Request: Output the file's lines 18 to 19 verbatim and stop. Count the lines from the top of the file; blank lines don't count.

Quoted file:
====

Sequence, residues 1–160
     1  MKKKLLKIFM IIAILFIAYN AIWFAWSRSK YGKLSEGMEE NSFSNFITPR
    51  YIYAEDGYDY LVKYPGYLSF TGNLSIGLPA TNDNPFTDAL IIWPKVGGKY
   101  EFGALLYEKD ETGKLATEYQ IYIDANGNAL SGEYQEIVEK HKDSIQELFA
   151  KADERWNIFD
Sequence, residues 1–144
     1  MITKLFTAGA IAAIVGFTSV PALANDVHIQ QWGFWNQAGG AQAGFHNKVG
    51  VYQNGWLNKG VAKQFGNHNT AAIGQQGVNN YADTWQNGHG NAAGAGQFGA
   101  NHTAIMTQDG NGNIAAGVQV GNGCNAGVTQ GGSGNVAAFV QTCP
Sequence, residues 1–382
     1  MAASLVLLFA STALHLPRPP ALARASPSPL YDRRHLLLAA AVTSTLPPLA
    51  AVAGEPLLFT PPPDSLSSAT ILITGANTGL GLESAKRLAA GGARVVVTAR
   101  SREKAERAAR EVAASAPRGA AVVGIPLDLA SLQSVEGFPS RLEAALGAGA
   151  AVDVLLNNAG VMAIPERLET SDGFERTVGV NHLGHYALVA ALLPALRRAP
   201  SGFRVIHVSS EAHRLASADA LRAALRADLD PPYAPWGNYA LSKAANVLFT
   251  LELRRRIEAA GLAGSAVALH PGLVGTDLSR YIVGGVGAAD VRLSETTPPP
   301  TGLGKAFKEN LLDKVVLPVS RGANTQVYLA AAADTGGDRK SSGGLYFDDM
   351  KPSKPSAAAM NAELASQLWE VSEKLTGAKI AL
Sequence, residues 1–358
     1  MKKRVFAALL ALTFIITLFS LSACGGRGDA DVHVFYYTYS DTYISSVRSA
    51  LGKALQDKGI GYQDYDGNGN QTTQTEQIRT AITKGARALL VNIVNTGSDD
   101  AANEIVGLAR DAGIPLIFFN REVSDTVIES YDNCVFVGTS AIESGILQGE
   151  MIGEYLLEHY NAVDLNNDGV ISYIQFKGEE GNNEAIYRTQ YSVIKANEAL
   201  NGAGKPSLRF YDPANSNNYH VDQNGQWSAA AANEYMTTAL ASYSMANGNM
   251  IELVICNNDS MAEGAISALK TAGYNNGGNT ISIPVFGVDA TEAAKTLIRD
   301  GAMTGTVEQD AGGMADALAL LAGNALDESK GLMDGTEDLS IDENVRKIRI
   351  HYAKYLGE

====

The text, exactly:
   351  KPSKPSAAAM NAELASQLWE VSEKLTGAKI AL
Sequence, residues 1–358